I need something to eat, or am I just bored?

I need a coffee, a cocktail, or Big Gulp from the 7-Eleven.

Check my text messages, email, or social media feed…

Our habits make up much of our daily life. The difference between requirements and niceties is often hard to determine. The difference between “have to” and “want to” is also often confusing.

Are you working holidays? Is that on you or is that part of what you signed up for?

-DEG

Dennis E. Gilbert is a business consultant, speaker (CSPTM), and culture expert. He is a five-time author and the founder of Appreciative Strategies, LLC. His business focuses on positive human performance improvement solutions through Appreciative Strategies®. Reach him through his website at Dennis-Gilbert.com or by calling +1 646.546.5553.


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following advice

Following Advice Should Get You There

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Everyone has an opinion. Nearly everyone has some advice. Following advice seems to make sense but does it always?

First, there are some people who shouldn’t be advising anyone. There is plenty of advice out there, especially on social media. Self-proclaimed experts lurk around every corner and in every shadow. Buyer beware.

Let’s assume though, that the information you seek, good information, is abundant. What will you do with that information? How will you use that advice?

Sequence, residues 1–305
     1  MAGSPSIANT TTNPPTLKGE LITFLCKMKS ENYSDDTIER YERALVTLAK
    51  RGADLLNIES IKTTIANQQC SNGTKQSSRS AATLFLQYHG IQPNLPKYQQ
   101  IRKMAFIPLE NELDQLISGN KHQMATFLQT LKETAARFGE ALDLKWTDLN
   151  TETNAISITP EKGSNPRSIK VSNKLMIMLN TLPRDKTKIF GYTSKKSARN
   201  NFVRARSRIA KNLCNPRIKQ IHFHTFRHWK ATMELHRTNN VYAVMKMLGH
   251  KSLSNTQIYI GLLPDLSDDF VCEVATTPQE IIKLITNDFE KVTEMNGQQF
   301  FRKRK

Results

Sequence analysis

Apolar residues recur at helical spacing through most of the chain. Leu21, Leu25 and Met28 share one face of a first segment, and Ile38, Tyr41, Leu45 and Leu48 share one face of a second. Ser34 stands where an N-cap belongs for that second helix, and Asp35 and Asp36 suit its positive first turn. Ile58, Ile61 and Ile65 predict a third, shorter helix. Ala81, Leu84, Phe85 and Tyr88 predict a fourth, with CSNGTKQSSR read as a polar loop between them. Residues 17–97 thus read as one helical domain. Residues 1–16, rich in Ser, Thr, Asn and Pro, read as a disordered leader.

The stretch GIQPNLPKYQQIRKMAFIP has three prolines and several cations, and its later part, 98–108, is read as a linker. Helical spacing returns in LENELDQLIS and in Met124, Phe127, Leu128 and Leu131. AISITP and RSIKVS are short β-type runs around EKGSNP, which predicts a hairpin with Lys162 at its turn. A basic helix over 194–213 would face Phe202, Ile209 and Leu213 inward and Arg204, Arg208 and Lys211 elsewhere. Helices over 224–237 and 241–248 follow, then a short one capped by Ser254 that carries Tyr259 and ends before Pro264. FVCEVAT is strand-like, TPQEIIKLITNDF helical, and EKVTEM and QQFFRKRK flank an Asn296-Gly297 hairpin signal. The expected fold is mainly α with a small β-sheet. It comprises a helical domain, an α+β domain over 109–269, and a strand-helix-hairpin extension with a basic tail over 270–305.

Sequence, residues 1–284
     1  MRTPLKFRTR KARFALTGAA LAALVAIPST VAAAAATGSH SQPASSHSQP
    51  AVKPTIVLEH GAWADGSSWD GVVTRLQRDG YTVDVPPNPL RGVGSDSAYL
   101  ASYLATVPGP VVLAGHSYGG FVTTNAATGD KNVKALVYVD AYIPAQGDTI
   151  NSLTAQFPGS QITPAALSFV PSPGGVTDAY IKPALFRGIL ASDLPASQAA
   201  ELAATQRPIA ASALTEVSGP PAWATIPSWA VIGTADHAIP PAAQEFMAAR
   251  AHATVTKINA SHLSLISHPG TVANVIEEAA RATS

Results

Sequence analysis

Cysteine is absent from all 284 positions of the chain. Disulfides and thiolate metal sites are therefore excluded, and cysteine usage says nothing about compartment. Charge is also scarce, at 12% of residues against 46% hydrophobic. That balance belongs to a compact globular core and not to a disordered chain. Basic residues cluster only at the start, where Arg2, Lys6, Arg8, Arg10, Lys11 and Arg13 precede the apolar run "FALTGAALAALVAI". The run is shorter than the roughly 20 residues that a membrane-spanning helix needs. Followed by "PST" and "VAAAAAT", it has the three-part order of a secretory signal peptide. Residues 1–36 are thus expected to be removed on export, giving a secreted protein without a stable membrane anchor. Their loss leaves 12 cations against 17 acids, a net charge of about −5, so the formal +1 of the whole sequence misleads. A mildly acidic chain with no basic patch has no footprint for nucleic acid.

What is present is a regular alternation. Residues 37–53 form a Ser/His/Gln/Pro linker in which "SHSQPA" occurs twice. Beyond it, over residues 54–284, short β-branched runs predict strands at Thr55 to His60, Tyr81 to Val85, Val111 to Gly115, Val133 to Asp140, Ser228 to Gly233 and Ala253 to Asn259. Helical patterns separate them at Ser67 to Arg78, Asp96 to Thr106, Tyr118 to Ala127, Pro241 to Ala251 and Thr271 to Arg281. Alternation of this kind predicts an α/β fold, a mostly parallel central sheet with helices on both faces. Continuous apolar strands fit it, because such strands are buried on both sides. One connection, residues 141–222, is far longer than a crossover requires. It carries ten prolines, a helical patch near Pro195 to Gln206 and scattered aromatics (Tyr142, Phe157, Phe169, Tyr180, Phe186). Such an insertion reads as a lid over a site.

Tweak the Plan

Often people modify the directions and information they receive.

When you make your IKEA purchase are you going to follow the directions? That may be good advice. Will you take a quick glance and then start assembly only checking in when you get stuck?

The same is true for the frozen pizza, the pre-cooked Easter ham, or the Thanksgiving turkey. It is true for the Cowboy Casserole, the chocolate fudge brownie, and the banana bread. Do you follow the directions or sort of do your own thing?

Chances are good that advice surrounds you. Much of it may be good. When we don’t follow it, follow it exactly, it may become bad advice.

That is often the difference. What we receive gets modified. It gets bent a little, twisted a little, turned upside down, yet the partial followers proclaim it must have been bad advice.

Following Advice

If you substitute milk for heavy cream in the recipe, you’re going to get a different result.

When you try to run a business or manage a department on hope, instead of hard work or action, you’ll likely get a different result.